How To Do Partial Fractions Faster And Easier!

Hello Readers!

Could it be true? An easier way to do partial fractions? This has to be the most tedious thing that you learn in all of Calculus. Well, I’m here to tell you that you should dread it no longer! No more boring systems of equations!

It is too easy to make a mistake with the traditional method of partial fractions. Although solving a system of equations is a topic covered way back in algebra, nobody ever truly masters it. Why is that? Because you fall asleep half way through the problem! You end up not paying attention fully, and making a simple error somewhere along the way. You are probably thinking, “Mike, just tell us already!” So I will!

Conventional partial fractions are done as follows:

Ughhh… that was so tedious!! Please let me show you the faster way now! Let’s look at the same problem from the beginning.

At this point, let’s take a step back and think about the equation in front of us. The constants, A, B & C, have to make this true for ANY value of x. x could be absolutely anything, and this will always be true. So, why not choose the values of x? Pick the ones that would make this problem a lot easier for us.

How about if x = 2? That would cancel out one of the terms, and simplify things quite a bit.

Now, what if we let x = -3? That would also cancel out one of the terms, right?

And finally, what if we let x = 0? That would cancel out the Ax.

As you can see, we get the exact same result!! Isn’t that so exciting? We completely avoided the grueling part of partial fractions! There is so much less room to make errors, and it is much faster! Please try it out! I’ll post one more example below.

See! Isn’t that much, much easier? Well, I hope you can try it out. I know that partial fractions do not come up all that often, but when they do, you will be very glad you learned this method!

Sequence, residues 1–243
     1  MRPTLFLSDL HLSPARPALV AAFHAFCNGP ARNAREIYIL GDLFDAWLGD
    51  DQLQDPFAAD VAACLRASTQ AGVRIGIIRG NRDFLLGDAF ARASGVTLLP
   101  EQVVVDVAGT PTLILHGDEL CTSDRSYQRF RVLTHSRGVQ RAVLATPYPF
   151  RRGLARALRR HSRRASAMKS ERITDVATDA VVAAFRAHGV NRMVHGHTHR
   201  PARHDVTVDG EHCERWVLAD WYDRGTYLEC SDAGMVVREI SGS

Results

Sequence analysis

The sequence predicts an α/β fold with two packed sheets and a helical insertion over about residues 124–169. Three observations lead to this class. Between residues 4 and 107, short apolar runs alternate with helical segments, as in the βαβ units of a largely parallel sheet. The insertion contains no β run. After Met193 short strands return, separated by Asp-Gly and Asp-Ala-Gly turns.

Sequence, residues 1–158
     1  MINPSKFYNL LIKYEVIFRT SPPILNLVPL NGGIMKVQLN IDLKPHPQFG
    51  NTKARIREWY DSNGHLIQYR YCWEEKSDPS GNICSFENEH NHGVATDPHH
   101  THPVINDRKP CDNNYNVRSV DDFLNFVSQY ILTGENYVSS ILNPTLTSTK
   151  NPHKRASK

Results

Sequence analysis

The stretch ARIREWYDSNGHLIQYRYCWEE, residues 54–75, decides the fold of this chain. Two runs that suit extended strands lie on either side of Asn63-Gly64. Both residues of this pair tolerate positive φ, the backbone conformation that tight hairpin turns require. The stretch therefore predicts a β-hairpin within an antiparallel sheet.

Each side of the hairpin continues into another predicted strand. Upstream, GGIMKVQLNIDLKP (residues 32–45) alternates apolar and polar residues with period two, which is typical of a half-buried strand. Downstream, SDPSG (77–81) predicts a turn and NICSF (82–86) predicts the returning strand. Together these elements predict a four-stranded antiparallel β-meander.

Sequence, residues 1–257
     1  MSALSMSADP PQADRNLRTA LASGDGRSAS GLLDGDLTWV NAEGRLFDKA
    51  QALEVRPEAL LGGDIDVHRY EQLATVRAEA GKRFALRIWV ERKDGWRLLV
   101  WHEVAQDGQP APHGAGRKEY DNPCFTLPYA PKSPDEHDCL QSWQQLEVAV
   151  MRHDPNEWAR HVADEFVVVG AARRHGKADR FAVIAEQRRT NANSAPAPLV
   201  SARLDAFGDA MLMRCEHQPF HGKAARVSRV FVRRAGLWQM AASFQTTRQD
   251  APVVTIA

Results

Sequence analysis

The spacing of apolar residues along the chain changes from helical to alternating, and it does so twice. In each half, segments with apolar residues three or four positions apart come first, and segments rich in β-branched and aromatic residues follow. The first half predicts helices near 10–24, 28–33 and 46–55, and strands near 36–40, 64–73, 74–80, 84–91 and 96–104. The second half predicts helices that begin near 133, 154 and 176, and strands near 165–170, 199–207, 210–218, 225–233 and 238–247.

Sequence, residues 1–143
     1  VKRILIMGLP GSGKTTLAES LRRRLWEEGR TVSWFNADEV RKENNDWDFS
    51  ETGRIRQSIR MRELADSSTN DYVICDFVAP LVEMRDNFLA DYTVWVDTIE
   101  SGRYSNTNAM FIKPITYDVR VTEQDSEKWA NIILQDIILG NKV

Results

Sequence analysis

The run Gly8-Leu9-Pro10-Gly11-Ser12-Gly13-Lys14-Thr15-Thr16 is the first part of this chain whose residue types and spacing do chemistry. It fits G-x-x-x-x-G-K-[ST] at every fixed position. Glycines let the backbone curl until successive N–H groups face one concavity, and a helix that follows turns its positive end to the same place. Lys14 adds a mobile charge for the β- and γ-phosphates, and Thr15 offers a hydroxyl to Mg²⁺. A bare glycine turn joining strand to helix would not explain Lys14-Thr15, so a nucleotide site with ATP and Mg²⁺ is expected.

If you liked this post, I bet you would really love my U-Substitution shortcut.

Please comment below or send me an email if you have any questions at all!

Calculus I: The Derivative

Welcome to the first lesson on!

Things you need to know before we start the lesson

  • Tangent Line – A straight line that just barely skims across the surface of a curve. Locally, it touches at exactly one point, but it might cross again at other parts of the graph.
  • Secant Line – Another straight line that crosses through a curve. It can hit multiple points of the curve.
  • Slope – If you know two points of a line, (x1, y1) and (x2, y2), you can calculate the slope of that line using the formula . It doesn’t matter which point is 1 or 2, if you switch them you will get the same answer.
  • Limits – If you have questions on limits, I’ll be posting a lesson on them in the near future!

What is the derivative?

Okay, so let’s just start with a tiny bit of history. Mathematics is never created for no reason. Scientists needed ways to figure things out, and math is just the tool to do so. So, the derivative was created to solve a specific problem. We needed to be able to find the exact slope of a line that is tangent to a curve. Well, the best way to start is with a good approximation.

In the image below, I have drawn a random curve and three straight lines.

The black line is tangent to the curve at the point (x, f(x)). The red line is a secant line. This line runs through the points (x, f(x)) and (x+h, f(x+h)). h is a very small change of x. So x+h is just a little bit to the right of x. If we found the slope of this line, it would be a pretty good approximation for the slope of the tangent line.